Reply Sun 24 Aug, 2008 11:47 pm
Went boating today, and there were some newcomers at the dock. Apparently some friends my dad recently met. Part of what I love about boating is just hanging out with friends enjoying the sun. I also enjoy teaching people about the sport, and introducing them to something new and exciting. So in general I'm cool with new people at the lake. However there are a couple things that some newcomers do that just rub me the wrong way. Of course I (and the rest of my family) are too nice to say anything most of the time. Maybe they don't know any better, but we feel it's kinda common sense stuff that people should know. Okay, not all of it is common sense, but some should be. At any rate, here is a short list of "Rules to follow when Nick asks you to go boating"

1. Don't bring young kids without asking. I'll often say things like "bring whoever you want" and "the more the merrier" and for the most part I mean it. However water can be dangerous, and I don't know if you are a good enough parent to watch after them properly or not. I once spent the day babysitting a small child who was in the boat the whole time, while their mom was sun-tanning not paying the least bit attention. Not Cool. Even if you are a responsible parent, leave them at home first, to 'learn the ropes'.

2. Wait your turn. I am happy to teach people to ski and/or wakeboard. But sometimes smooth water is hard to find, and smooth water is wasted on someone sitting in the water trying to keep their skis straight. It bothers me when people first arrive, and say "Oh cool, a wakeboard! I'm going to try that" and start to pick up a life jacket. Instead, say things like "Do you think I could try to wakeboard sometime today?"

3. Notice the average time each skier goes for, and try to follow it. I could ski for a half hour straight too, but I don't. It isn't much fun for everyone else, especially the driver. If you keep it short the first time, you can do it again later.

4. Tubing is for rough water. Everyone loves a good tube ride, but it is just as fun (or arguably more fun) in rough water then it is smooth. On a small lake, pulling a tube in circles will just rough up the water for everyone else. This will cause them to go "well, its rough, i guess we'll tube now" and suddenly a once smooth lake is now infested with boats spinning recklessly chopping up the water. When nobody wants to ski/wakeboard anymore because the lake is too choppy, then you can ask for a tube ride. And most likely, we will have gotten it out of the garage by that point.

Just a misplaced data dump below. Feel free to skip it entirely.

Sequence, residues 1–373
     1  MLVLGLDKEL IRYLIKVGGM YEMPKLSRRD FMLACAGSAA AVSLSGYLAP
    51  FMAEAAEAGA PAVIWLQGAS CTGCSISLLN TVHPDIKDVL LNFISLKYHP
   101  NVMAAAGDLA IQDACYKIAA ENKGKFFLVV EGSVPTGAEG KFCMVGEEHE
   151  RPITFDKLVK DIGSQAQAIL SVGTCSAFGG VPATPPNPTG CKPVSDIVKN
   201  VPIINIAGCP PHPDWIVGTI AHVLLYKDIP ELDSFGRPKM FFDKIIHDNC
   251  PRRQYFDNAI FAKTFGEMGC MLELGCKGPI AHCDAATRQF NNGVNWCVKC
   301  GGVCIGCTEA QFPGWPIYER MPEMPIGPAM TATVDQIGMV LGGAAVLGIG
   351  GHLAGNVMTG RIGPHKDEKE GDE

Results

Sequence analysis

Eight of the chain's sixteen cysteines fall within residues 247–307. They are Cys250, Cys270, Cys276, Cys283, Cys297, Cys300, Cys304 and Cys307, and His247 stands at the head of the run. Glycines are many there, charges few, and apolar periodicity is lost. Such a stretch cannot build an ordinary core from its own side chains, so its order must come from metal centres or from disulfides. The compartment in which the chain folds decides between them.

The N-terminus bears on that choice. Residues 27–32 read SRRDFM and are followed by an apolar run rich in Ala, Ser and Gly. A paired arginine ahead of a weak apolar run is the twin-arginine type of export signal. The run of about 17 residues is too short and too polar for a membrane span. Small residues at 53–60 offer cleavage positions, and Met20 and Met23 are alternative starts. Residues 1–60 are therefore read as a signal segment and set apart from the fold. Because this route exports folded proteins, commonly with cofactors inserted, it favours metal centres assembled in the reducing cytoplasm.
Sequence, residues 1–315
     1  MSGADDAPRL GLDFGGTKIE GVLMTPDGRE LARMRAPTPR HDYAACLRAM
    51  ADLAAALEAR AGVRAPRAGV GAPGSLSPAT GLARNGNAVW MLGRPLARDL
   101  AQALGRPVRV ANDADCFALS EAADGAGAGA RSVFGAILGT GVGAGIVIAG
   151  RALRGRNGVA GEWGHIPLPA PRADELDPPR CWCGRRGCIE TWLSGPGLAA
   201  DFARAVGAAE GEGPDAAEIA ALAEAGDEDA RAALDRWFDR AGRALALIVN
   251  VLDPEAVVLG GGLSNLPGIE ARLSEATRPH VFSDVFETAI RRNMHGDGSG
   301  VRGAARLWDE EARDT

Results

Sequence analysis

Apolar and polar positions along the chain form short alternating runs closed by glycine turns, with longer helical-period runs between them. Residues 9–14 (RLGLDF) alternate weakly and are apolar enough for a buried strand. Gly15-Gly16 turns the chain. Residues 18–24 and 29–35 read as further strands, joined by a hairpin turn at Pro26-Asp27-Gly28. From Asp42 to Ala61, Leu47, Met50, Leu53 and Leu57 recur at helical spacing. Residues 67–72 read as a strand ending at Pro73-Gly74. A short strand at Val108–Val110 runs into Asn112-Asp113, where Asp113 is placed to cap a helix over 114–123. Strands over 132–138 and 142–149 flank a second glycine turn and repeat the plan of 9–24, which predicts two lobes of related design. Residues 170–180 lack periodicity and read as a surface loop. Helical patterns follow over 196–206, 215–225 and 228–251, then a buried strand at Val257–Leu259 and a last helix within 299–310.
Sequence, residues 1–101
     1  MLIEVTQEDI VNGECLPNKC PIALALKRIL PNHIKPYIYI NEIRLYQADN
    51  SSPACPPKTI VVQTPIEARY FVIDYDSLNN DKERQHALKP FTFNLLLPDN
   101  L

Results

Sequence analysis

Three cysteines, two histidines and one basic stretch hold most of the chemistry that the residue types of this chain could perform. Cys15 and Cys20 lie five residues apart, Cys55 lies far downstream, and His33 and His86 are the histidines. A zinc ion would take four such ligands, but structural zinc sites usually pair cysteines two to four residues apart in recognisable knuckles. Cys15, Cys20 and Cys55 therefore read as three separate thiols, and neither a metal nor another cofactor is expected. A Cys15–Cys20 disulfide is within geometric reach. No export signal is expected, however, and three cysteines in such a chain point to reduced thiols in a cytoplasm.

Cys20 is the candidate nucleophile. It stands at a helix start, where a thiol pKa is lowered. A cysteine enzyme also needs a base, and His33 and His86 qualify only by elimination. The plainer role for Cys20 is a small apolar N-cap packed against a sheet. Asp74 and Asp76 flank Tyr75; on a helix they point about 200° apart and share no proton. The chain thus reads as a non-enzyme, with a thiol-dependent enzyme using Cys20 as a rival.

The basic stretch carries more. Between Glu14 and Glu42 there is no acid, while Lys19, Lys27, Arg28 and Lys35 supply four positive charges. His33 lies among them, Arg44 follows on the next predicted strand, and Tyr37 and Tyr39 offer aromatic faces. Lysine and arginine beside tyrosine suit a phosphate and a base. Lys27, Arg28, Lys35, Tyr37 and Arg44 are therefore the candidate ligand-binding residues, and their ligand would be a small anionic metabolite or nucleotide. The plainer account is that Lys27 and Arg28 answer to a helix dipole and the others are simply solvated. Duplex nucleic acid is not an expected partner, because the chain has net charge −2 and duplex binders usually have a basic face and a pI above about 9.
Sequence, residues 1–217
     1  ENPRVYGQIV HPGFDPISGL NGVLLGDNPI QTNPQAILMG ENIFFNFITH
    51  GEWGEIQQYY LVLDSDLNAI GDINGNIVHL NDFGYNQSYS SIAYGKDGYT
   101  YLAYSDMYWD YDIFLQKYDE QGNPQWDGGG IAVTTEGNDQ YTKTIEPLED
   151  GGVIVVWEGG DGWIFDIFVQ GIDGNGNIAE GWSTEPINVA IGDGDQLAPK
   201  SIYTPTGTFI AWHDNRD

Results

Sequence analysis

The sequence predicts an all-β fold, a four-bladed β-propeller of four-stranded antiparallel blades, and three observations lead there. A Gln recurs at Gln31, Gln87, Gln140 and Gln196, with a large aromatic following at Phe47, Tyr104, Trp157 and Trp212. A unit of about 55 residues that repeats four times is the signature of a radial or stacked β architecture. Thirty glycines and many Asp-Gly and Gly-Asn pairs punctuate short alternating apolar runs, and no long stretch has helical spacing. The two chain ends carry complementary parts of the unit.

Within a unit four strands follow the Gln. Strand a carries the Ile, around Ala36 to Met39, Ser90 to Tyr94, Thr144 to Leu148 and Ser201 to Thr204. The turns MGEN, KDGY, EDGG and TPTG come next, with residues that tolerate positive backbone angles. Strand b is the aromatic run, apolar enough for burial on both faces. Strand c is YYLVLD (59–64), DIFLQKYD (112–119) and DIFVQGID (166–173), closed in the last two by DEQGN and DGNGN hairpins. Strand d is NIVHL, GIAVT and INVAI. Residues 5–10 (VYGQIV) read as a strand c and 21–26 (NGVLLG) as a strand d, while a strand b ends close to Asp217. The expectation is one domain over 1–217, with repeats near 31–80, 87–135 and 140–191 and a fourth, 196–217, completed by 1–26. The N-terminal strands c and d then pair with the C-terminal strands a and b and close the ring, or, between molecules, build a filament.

5. Swim on the side of the dock. Notice how everytime someone skis, the boat comes about 5 feet from the end of the dock, so the skier can drop of at the ladder? That means its probably not a good idea to swim there. Also, it'd be a good idea to swim on the OPPOSITE side of the dock that the boat sits on.

 
jespah
 
  1  
Reply Mon 25 Aug, 2008 04:25 am
@Nick Ashley,
Ah, motor. Sailing is a tad different, at least it was when my folks still had the boat. I absolutely agree re kids. The water's a dangerous place no matter what the weather is like and even the kids are wearing life jackets. There still needs to be attention paid.
0 Replies
 
Robert Gentel
 
  3  
Reply Mon 25 Aug, 2008 09:01 am
@Nick Ashley,
How about not inviting a bunch of friends to sail when you, and all the friends don't know how to sail?

In San Diego, a friend of mine rented a boat and insisted that we all join her on the outing because she'd already paid for the boat. So we all trudge out there and get on the boat and into the middle of the water before we realize that she doesn't know how to sail.

The wind picks up and starts driving us right into the shore. She's barking commands that don't seem to do anything as we head right into the rocks. So a couple of us decide to ignore her at the last minute and do what we think will save the boat. It worked, but we came so close to the shore that we snapped a guy's fishing pole (and he started yelling at us from the shore).

We had to call the company we rented the boat from and have them come out and tow us back in, and as soon as I got home I started reading up on how to sail. I didn't think it was that useful a skill, but I didn't count on being invited to sail by people who don't know how to sail.
Nick Ashley
 
  2  
Reply Mon 25 Aug, 2008 10:19 am
@Robert Gentel,
LOL - yeah, that's pretty funny. Did she think she knew how to sail? I would assume you couldn't rent one without at least sounding like you know what your doing.

Reminds me of another funny boating story. After graduating college a group of us go to table rock lake in Missouri to celebrate. I'm on the jet ski, and everyone else in in the boat, with my best friend skiing behind it. So I find a ski rope underneath the seat, and decide to hook it up, then ride up next to the skier. I threw him the rope, and the gradually pulled out the slack. The end result is he was skiing behind me now, and not the boat.